Transmission Line Project. The project will consist of a double-circuit transmission line from a
planned new substation near the Alliant Energy West Riverside Energy Center to an existing
345-kV transmission line in the Town of Beloit.

The line is needed to connect the expanded West Riverside Energy Center to the electric
transmission grid. The West Riverside Energy Center will include a natural gas-fueled
generating station with an integrated solar installation.

“The ordered route is made up of segments from the two routes that ATC submitted to the PSC,”
said ATC Project Manager Mark Sanzenbacher. “The anticipated project cost is approximately
$42 million.”

The planned in-service date of the line is 2019.

We Energies Rate-Freeze Plan Wins Regulatory Approval

We Energies and Wisconsin Public Service Corp. won final state regulatory approval for a proposal to freeze business and residential rates for two years in what the company calls its response to complaints from industrial customers that electric rates in Wisconsin are too high.

The public utility companies owned by WEC Energy Group Inc. filed a proposed settlement in April to avoid the cost and effort of a full review by the Public Service Commission of Wisconsin.  At the time, the companies said 21 industrial customers signed statements backing the rate proposal.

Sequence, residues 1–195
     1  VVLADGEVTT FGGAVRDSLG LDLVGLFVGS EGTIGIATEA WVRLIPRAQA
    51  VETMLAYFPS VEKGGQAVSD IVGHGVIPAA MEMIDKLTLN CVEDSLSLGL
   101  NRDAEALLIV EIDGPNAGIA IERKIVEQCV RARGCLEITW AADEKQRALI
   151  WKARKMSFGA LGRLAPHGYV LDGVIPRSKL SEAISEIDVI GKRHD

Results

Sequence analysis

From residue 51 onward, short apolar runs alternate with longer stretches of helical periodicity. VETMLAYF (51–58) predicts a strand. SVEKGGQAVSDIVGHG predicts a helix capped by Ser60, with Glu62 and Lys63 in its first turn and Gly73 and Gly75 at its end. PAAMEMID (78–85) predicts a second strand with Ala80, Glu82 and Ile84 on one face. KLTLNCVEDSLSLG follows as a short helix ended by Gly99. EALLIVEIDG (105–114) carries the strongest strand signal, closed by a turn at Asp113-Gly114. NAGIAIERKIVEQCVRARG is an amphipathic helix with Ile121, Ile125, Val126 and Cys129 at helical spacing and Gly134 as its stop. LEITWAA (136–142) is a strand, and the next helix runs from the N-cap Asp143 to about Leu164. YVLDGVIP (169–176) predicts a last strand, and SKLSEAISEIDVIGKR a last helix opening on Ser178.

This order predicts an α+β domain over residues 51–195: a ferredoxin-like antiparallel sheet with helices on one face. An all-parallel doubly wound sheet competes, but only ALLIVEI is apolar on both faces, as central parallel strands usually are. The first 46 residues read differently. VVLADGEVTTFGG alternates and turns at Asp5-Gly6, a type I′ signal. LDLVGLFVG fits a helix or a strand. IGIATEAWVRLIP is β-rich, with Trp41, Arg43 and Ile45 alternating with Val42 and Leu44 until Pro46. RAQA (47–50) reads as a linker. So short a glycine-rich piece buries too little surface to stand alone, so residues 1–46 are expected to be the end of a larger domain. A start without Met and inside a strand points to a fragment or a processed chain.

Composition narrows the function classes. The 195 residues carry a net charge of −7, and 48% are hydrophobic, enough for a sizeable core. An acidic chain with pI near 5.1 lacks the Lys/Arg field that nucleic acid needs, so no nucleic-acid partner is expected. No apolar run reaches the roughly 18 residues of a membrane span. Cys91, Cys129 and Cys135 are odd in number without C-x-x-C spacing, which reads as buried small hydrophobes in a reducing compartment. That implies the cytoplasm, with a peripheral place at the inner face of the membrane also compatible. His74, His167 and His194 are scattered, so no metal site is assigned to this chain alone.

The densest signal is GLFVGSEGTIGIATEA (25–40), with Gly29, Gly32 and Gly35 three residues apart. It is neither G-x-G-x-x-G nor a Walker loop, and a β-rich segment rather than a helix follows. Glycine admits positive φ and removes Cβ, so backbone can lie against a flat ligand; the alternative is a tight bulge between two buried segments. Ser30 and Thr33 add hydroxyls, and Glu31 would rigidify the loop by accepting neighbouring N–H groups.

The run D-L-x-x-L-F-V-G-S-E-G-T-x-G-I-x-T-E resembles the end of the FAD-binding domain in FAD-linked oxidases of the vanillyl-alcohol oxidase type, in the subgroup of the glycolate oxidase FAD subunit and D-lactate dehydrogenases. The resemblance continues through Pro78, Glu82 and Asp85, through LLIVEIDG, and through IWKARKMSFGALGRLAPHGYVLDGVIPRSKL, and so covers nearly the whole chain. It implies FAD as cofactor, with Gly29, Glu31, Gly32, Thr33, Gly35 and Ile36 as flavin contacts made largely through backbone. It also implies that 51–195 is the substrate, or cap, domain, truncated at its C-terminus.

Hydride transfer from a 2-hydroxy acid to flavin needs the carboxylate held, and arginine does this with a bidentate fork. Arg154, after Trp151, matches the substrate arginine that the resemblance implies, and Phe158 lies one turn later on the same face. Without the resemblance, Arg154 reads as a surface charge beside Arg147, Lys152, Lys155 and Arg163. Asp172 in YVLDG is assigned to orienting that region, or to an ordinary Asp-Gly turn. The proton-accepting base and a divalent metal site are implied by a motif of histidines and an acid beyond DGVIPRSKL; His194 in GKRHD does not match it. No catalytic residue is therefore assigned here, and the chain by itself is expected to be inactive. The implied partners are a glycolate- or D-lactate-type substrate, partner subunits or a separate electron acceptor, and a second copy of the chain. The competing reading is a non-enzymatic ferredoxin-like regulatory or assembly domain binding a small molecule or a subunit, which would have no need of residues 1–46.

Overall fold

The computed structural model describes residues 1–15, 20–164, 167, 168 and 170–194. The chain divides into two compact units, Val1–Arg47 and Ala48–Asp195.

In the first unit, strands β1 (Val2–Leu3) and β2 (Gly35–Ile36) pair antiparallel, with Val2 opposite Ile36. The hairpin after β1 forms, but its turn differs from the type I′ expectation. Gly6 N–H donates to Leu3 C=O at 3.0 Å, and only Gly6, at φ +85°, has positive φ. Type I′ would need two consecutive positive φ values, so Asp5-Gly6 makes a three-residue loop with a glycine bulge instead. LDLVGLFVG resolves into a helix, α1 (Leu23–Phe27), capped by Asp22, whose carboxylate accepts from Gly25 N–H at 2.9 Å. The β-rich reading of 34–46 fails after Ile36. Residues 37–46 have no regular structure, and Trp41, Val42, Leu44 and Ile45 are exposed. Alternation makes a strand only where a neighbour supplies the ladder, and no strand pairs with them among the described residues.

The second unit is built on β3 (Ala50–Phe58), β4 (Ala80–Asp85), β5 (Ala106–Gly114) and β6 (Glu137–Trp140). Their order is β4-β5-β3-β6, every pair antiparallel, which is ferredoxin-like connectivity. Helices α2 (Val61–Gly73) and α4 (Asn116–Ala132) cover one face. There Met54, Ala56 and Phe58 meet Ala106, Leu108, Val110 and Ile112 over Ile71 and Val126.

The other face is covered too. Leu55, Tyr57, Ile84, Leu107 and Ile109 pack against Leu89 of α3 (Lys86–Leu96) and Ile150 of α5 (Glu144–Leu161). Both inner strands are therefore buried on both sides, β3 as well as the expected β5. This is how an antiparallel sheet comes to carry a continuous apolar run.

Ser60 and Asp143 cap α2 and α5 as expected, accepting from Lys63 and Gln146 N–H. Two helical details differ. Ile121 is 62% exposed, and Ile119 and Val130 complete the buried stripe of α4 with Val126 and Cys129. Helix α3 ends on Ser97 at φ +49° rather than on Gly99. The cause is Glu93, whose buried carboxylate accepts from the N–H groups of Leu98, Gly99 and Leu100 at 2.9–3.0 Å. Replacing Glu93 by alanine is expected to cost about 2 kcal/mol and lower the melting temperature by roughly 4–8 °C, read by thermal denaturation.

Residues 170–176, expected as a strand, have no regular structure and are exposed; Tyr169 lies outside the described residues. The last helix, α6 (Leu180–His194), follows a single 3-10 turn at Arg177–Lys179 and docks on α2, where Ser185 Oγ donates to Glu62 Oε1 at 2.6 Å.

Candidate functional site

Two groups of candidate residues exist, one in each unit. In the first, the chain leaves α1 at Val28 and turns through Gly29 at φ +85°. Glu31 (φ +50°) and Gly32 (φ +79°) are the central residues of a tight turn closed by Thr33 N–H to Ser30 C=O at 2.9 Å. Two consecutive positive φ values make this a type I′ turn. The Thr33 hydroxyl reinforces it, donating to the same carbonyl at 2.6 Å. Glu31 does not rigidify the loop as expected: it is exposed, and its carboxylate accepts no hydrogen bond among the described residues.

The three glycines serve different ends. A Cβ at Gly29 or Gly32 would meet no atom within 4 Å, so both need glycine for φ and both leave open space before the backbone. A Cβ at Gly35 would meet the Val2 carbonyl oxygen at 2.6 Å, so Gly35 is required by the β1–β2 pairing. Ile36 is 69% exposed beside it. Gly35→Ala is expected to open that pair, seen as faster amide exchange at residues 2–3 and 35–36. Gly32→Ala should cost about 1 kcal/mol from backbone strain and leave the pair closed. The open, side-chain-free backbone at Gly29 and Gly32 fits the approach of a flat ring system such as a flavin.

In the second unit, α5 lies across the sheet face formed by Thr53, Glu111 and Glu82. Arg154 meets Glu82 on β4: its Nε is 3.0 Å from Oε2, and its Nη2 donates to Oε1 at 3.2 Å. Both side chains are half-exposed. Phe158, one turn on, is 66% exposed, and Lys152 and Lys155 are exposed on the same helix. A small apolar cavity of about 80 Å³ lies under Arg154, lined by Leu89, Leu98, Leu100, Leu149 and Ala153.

The rate freeze adds two years to an existing two-year flatrate period that runs through 2017. The settlement also makes permanent cheaper wholesale rates that large industrial customers pay for expanded use of power from We Energies. The Public Service Commission has approved a draft order approving the company proposal for 2018 and 2019. The commission in August had voted to support the plan from the WEC Energy companies.

The PSC draft order determined that freezing We Energies base rates through 2019 was reasonable and in the public interest. The order also states that it’s reasonable to authorize We Energies to
extend and expand the market-based pricing for electric service at large commercial and industrial customers.

A WEC Energy spokeswoman said company executives are pleased with the commission’s action.

PSC Approves Brown County Bioenergy Project